Niccolo Machiavelli

From Censorpedia

Date: 1469-1527

Region: Europe

Subject: Political/Economic/Social Opinion

Medium: Literature


Artist: Niccolo Machiavelli

Confronting Bodies: Pope Paul IV, Huguenot Gentillet, The Elizabethans

Dates of Action: 1555, 1575, 1602

Location: Italy, France

Description of Artwork: Discorsi 1503, Il Principe 1513

The Incident: 1555 Italy-Rome: Although Machiavelli had been the ambassador and advisor of Popes and Cardinals in his days, Pope Paul IV placed his works in the severest category of the Index Librorum Prohibitorum, and Clement VIII made a fresh prohibition of a Lausanne edition of his Discorsi.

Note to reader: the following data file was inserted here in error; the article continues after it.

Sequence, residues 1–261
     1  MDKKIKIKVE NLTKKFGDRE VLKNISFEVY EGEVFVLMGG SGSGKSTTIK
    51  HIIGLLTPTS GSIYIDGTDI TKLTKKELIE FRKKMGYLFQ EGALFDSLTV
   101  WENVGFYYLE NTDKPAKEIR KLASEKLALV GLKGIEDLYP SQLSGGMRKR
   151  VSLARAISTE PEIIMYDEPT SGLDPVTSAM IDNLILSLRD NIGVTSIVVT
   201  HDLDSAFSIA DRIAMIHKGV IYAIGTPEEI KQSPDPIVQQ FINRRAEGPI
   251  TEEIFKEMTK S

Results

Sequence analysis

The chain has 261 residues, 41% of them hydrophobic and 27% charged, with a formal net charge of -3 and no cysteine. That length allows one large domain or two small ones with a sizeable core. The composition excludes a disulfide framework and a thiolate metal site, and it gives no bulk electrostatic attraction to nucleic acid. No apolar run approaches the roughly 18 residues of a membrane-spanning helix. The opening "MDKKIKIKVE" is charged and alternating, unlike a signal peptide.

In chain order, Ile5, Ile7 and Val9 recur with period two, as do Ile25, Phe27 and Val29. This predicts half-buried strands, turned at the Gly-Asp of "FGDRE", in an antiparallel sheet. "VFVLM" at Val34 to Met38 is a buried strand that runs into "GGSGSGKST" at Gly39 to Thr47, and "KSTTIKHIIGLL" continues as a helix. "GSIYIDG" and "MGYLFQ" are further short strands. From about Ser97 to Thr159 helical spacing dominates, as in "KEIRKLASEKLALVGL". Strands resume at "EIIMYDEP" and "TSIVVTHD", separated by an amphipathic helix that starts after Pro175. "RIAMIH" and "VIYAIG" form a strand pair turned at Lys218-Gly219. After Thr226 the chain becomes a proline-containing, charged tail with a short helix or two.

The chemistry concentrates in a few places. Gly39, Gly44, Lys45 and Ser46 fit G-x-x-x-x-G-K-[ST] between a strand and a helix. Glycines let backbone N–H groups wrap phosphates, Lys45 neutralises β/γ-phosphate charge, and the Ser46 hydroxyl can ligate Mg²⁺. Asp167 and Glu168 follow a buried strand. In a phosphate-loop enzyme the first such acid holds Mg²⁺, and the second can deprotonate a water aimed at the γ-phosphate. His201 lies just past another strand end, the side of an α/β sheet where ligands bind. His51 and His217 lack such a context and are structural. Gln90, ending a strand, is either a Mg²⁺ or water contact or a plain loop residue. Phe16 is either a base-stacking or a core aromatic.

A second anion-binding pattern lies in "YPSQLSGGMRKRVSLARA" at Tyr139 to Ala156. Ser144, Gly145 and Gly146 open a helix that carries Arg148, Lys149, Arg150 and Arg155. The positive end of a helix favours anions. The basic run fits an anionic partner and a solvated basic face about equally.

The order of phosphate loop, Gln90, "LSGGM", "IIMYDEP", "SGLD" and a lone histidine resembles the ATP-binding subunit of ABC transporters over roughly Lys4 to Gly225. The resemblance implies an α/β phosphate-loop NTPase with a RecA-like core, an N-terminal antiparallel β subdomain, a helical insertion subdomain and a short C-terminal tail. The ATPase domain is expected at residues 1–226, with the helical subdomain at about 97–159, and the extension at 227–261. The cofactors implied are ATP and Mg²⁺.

1576 France: Selected maxims from Il Principe translated into French, were attacked by the Huguenot Gentillet for their political views. Cesare Borgia was supposed to have been the "Prince". The author contended that "if all rulers were good, you ought to keep your word, but since they are dishonest and do not keep faith with you, you in return, need not keep faith with them."

1602 England: The Elizabethans derived from Gentillet their idea of and hostility for Il Principe.

Results of Incident: 1935 Italy: In Fascist thinking, Il Principe demonstrated disjointed Italy's need for an all-powerful dictator supported by a national army. Mussolini paid Machiavelli tribute by encouraging the distribution of Il Principe in thousands of cheap copies.

Source: Banned Books 387 B.C. to 1978 A.D., by Anne Lyon Haight, and Chandler B. Grannis, R.R. Bowker Co, 1978.